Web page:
"How do we know what we know?" This is a question asked by Rene Descartes as well as a host of other philosophers. A particular passage written in Meditations on First Philosophy by Descartes dubbed the "Wax Passage" examined the nature of material things, and what we really know about them. Descartes' thought process shall be followed, and his conclusion that if all attributes are stripped away, what is left is the "essence" of the wax, will be explained.
The wax passage in and of itself is a simple train of thought to follow. The essence of the passage is Descartes' belief, which he attempts to convince the reader of that, "clear and distinct" ideas one has about material objects external to their own body are not perceived by the senses, but rather through the mind. Playing with a piece of wax, one has certain ideas, ideas originally thought to have stemmed from the 5 senses (sight, smell, sound, taste, and touch), but information obtained through our senses can be shown to be false.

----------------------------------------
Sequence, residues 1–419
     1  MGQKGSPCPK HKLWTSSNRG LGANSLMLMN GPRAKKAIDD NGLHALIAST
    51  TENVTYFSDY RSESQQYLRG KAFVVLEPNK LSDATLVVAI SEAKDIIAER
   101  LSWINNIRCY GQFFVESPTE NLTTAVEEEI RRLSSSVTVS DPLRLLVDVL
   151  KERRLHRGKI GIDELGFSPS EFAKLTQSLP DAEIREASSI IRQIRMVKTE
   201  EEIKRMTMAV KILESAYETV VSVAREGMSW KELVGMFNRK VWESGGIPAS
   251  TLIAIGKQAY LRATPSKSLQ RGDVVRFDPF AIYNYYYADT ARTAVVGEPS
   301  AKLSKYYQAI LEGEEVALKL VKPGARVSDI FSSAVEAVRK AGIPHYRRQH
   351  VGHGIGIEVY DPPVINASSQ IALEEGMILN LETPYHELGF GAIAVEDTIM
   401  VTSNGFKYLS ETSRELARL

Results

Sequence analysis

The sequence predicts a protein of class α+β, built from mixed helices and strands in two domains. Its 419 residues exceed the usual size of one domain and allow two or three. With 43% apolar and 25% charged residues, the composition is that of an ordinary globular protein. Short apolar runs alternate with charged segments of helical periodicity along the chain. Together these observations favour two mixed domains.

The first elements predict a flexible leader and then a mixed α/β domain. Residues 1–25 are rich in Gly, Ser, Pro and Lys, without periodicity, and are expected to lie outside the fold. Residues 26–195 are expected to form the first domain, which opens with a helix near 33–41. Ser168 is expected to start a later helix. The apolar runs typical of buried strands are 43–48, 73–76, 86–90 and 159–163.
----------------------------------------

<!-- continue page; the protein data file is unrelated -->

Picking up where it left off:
"Take, for example, this piece of wax....Its colour, figure, and size, are apparent (to the sight); it is hard, cold; easily handled; and sounds when struck upon with the finger....Let it be placed near the fire... the colour changes, its figure is destroyed, its size increases, it becomes a liquid, it grows hot; it can hardly be handled....Does the same wax remain after this change?"(Descartes:138) It is obvious to most people that the same wax remains, and the clear and distinct ideas of the wax remain as well, yet all one's sensory perceptions of the wax have been distorted.
Descartes asks, "What, then, was it I knew with so much distinctness in the piece of wax?...it could be nothing of all that I observed by...